2. Material Type

Look for reviews that discuss the mattress material — including the cover. What do the reviewers say about the quality of the materials? Do you want organic materials, or are synthetics acceptable? Find out if the mattress uses fragrances or fire-resistant chemicals. These questions make more of a difference to some shoppers, less for some others.

Cover Materials

There is a wide range of materials used in mattress covers, from cotton and polyester to extreme luxury fabrics with silk, cashmere — even horsehair. Bamboo fiber has rapidly grown in popularity in recent years. Performance fabrics may contain fibers such as Tencel for moisture control and spandex for stretchiness. Some covers are infused with phase-change materials for temperature control. The cover fabric is usually woven or knit — knits are more conforming, such as the Premium StretchMax Cover on the Purple® Mattress.

As you research the mattress cover, look for reviews that cover these topics:

  • Is the cover removable and easy to clean?
  • Do customers complain about itching or scratchiness?
  • Is the cover attractive? Classy? Plain?
  • Does the cover conform to the mattress as it should?
  • What dyes are used in the material?

Mattress Materials

The materials of a mattress are what define mattress types — first by the support cores, then by the comfort sections.
The comfort section of a mattress is what is above the support core. You’ll find that most customers reviews are often focused on the top of the mattress, which is usually a foam layer. The top layer is commonly called the comfort layer. The second layer is referred to as the conforming, response, or transition layer. The most common foams are memory foam, latex, and polyurethane. For example, the second layer of The Purple® Mattress is a soft polyurethane foam called “Plush Comfort Foam.”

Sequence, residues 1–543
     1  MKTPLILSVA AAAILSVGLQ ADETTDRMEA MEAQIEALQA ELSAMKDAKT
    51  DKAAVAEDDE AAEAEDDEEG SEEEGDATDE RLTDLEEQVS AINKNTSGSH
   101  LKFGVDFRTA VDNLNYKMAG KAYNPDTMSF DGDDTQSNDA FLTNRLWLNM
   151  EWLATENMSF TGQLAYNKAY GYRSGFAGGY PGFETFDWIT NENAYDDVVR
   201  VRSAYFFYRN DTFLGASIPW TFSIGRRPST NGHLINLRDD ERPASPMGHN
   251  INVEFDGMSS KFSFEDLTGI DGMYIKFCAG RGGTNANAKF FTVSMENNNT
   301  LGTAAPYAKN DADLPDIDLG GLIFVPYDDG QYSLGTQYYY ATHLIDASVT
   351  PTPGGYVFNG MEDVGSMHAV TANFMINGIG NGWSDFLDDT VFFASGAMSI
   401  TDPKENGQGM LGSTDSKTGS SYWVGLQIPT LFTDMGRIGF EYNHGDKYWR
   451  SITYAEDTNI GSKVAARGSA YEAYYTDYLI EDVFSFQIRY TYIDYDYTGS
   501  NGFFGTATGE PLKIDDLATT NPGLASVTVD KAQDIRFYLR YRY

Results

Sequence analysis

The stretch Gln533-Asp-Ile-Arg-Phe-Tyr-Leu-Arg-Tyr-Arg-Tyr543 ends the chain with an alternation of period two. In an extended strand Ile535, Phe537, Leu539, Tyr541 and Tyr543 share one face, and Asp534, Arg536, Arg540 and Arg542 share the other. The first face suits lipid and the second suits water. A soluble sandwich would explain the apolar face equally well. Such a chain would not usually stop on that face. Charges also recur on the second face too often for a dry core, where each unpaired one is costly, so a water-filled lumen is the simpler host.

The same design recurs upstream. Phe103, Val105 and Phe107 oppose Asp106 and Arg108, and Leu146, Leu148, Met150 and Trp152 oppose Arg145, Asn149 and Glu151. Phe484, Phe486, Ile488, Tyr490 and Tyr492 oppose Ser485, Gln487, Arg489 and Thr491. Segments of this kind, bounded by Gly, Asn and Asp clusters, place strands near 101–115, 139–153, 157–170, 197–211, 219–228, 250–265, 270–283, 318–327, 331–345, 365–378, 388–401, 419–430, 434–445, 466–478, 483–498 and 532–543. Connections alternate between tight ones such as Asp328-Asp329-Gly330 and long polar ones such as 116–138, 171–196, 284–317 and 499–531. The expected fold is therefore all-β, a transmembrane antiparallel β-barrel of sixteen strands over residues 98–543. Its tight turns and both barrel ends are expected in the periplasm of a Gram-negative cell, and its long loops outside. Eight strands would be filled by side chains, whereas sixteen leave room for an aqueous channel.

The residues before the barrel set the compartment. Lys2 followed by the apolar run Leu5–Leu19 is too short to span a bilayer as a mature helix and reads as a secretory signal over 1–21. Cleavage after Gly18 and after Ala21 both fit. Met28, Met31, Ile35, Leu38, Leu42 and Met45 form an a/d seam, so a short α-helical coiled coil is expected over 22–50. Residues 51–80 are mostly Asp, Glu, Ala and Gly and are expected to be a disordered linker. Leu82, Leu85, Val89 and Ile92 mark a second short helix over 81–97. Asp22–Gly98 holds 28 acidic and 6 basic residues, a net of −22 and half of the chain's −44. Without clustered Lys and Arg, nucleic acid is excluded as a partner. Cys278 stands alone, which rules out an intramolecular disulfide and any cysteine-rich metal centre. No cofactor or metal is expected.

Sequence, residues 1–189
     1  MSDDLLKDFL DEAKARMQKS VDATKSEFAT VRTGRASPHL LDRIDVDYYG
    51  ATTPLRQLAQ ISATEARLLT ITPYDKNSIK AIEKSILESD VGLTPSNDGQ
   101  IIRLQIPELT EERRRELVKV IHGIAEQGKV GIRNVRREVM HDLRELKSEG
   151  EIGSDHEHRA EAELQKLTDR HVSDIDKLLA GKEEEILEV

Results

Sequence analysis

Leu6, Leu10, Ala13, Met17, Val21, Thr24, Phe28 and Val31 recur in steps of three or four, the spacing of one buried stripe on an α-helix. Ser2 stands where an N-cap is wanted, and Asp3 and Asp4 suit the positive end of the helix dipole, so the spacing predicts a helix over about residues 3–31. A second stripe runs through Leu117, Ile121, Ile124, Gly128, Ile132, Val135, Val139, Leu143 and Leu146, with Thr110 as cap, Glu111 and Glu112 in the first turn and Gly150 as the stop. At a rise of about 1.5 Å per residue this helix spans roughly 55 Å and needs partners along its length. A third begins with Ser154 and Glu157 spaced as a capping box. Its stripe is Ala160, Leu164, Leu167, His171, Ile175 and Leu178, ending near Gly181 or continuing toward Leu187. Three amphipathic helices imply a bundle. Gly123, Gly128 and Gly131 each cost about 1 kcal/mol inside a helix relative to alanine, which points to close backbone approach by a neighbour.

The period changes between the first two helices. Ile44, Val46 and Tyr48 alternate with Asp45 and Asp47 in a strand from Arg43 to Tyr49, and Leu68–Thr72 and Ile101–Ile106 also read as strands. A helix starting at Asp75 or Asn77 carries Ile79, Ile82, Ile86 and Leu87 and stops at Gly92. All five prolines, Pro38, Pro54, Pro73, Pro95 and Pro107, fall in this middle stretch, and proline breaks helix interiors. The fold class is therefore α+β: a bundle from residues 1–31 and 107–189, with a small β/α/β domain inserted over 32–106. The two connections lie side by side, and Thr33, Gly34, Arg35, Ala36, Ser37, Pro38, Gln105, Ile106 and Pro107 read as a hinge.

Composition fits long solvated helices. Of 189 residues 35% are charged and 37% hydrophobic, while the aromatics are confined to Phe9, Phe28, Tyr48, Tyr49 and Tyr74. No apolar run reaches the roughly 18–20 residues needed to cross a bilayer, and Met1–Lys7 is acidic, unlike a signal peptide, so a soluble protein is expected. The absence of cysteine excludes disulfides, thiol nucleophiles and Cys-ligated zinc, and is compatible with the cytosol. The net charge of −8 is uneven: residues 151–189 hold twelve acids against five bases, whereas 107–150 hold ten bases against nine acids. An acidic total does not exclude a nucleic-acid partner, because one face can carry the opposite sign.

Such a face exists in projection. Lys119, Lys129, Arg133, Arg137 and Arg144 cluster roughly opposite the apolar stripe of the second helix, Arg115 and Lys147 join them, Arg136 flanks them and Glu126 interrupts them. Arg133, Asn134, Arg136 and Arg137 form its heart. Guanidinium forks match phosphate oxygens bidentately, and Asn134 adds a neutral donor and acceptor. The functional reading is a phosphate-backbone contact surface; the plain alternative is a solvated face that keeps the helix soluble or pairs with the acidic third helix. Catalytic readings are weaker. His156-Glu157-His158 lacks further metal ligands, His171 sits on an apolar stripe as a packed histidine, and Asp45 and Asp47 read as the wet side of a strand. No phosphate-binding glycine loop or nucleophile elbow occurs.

Innovation contributes new materials to the mattress market. Waterbeds were introduced in 1971 and adjustable air beds blew up the mattress scene in 1985. Since 1991, memory foam has helped provide additional pressure relief to the sleeping masses. In 2012, Tuft & Needle introduced a new pressure-relieving foam for mattresses. This has now led to latex-like foam and memory foam replacements.

Then, in 2015, Purple introduced a new kind of mattress made with a hyper-elastic polymer. This scientific polymer is formed into The Purple Grid™ — a grid of square cells open at the top and bottom.

Materials and Customer Issues

Most of the issues that customers have with mattress materials are smells, allergies, and durability.
Memory foam is notorious for gaseous emissions (off-gassing) with a disagreeable smell. This is caused by chemicals used to make the foam. Newer foams are not as bad as the older ones, but some customers still complain about the smell.

Some people are allergic to natural latex (the liquid from the rubber tree). Even when made into latex foam, some of the allergens still remain. However, in making natural Talalay latex, these are rinsed out. Chemicals used in making the foam or treating materials (including dyes) cause some allergies. Wool in the cover causes allergic reactions in some people.

Here are some questions to ask when reading reviews:

  • Do customers have a problem with odors, such as from outgassing?
  • Does the foam mattress perform as advertised?
  • How well does the foam last?
  • Do any of the materials trigger allergies?
  • Does one sleeper feel another sleeper’s movements? The question is especially important with springs other than pocket coils. Some, like continuous coils, transfer a lot of motion.

Keep in mind, foam breaks down over time, especially memory foam. When it does, the foam loses support and may begin to disintegrate. Since Purple’s hyper-elastic polymer is not foam, it does not have the odor of memory foam. It does not trigger allergies, and it is many times more durable than foam.